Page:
Ray Leonard tossed and turned and dreamed of death. Sweating, he awoke with a feeling of dread in the darkness of his Reno hotel room. He had dreamed that he was standing over a challenger for his undisputed world welterweight championship, whom he'd knocked down, and the opponent wasn't moving.
"For a terrible moment it was awfully real," Leonard says. "But then I realized it had just been a bad dream. I managed to get back to sleep, but it was an uneasy sleep."
The following morning, Feb. 15, after weighing in for his title defense that night with Bruce Finch, Leonard went to his suite at Harrah's for breakfast with his older brother Roger. As they were eating, Ray was uncommonly quiet, and Roger casually commented, "You know, Ray, you hit so hard, someday you're going to kill somebody."
Once more the nightmare came to mind. Shaken, Leonard replied, "Naw, that's never going to happen." The subject was changed; the bad dream retired to a neutral corner of the champion's consciousness.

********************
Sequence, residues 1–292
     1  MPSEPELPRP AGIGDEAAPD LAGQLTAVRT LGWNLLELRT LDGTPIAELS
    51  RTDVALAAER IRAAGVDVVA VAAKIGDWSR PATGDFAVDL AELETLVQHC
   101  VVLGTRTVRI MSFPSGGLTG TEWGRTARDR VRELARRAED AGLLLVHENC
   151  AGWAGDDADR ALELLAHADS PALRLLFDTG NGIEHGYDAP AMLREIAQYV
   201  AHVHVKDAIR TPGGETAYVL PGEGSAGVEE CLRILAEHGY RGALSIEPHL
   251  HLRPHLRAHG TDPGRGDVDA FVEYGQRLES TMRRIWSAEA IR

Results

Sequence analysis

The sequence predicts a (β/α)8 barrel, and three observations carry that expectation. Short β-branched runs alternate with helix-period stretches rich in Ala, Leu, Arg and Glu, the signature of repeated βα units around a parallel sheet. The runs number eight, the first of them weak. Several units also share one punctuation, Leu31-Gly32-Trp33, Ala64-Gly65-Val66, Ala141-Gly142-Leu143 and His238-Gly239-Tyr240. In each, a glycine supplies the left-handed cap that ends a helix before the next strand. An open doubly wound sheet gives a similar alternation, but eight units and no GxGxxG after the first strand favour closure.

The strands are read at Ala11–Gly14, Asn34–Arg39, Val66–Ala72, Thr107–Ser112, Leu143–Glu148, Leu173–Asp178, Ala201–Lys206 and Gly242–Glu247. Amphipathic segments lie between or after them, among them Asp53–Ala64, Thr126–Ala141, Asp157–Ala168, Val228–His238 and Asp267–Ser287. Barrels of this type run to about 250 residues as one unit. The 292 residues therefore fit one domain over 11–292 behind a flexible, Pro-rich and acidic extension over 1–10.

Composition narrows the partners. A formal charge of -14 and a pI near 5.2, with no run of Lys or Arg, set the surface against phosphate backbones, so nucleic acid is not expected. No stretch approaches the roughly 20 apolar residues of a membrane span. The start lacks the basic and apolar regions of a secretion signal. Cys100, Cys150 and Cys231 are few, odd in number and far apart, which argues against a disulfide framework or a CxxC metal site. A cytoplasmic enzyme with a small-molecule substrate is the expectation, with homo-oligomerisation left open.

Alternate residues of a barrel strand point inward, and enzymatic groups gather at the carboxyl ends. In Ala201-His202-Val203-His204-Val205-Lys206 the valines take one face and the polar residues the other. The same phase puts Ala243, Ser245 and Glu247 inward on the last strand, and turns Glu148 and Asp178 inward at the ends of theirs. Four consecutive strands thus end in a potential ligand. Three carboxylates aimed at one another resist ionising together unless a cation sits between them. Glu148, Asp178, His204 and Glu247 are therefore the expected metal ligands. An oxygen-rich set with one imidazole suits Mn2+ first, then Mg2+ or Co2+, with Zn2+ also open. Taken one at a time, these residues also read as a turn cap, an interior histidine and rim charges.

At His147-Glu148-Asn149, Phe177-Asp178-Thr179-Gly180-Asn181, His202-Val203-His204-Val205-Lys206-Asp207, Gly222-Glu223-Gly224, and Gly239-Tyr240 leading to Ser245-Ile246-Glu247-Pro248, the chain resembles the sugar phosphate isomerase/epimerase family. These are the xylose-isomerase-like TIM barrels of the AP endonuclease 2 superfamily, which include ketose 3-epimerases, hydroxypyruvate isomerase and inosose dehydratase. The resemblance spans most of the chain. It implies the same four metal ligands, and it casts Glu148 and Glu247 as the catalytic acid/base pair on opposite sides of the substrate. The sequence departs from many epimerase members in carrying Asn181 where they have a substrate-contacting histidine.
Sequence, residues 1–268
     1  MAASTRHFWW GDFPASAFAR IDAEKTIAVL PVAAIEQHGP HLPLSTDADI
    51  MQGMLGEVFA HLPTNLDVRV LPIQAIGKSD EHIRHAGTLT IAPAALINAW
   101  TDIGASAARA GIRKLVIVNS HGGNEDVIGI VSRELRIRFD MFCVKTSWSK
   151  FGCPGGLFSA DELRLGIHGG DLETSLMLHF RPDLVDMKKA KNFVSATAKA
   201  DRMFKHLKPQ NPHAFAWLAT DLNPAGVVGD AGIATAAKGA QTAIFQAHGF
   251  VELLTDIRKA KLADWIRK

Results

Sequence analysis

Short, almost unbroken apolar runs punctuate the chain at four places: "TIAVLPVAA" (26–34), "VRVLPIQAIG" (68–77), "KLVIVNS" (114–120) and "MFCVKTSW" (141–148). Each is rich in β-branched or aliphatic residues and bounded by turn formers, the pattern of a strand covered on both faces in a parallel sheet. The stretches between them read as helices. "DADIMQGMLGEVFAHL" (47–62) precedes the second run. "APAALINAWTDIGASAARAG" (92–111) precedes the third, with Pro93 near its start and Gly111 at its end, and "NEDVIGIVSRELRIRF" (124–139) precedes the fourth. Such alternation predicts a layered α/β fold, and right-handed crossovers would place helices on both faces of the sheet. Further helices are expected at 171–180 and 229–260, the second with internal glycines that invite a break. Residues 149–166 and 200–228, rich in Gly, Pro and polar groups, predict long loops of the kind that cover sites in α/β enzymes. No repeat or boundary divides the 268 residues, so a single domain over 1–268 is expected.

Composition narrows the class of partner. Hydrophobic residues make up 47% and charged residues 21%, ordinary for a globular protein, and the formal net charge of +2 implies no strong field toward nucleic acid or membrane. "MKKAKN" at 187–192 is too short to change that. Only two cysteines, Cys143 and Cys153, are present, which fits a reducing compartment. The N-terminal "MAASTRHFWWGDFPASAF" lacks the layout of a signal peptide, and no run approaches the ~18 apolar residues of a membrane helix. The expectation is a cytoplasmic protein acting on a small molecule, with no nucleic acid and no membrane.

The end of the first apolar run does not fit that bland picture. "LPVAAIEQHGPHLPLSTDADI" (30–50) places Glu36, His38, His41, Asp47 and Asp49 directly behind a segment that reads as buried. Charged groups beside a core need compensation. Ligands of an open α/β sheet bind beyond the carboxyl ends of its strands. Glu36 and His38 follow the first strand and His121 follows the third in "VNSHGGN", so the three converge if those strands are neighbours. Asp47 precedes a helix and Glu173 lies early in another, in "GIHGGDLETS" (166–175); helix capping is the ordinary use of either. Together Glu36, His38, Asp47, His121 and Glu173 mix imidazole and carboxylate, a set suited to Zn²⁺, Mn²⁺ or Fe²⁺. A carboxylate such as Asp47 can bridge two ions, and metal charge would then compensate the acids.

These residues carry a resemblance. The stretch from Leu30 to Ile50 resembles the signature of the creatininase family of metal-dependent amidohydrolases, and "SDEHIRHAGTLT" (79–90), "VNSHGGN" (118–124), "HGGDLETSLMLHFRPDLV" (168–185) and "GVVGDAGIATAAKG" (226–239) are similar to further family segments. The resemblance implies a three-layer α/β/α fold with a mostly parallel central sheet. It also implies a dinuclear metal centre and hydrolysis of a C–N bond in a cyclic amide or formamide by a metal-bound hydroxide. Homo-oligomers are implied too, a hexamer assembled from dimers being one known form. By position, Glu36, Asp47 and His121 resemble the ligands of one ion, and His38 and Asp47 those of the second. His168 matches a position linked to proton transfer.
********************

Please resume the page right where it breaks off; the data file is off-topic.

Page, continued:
March 1, 1982
That night at the Reno Centennial Coliseum, while country singer Mickey Gilley was in the ring rewriting the lyrics to The Star-Spangled Banner, Leonard warmed up for his first defense of the title he had unified by stopping Thomas Hearns last September. Although Finch was so lightly regarded that no gambler could make a bet on the outcome—unless he wanted to wager on when Finch would be stopped, before or after eight rounds—Leonard had trained diligently, and as he shadowboxed in his dressing room he felt his body was finely tuned.
Trainer Janks Morton checked his watch. It was nearly time for the lightly sweating Leonard to earn his $1.3 million. Finch, 28-3-1 and ranked No. 4 by the WBC only because the world has run out of quality 147-pound fighters, was to be paid $85,000, about $82,000 more than he had ever earned for a bout.
The door to Leonard's dressing room opened and a TV emissary entered. "We're having a technical problem," the man said. "There's going to be a slight delay."
Reno's first championship fight since Jack Johnson knocked out James J. Jeffries in 1910 was being telecast live by Home Box Office. Delayed broadcast rights had been purchased by ABC. In the 10-minute delay Leonard lost his fighting tone.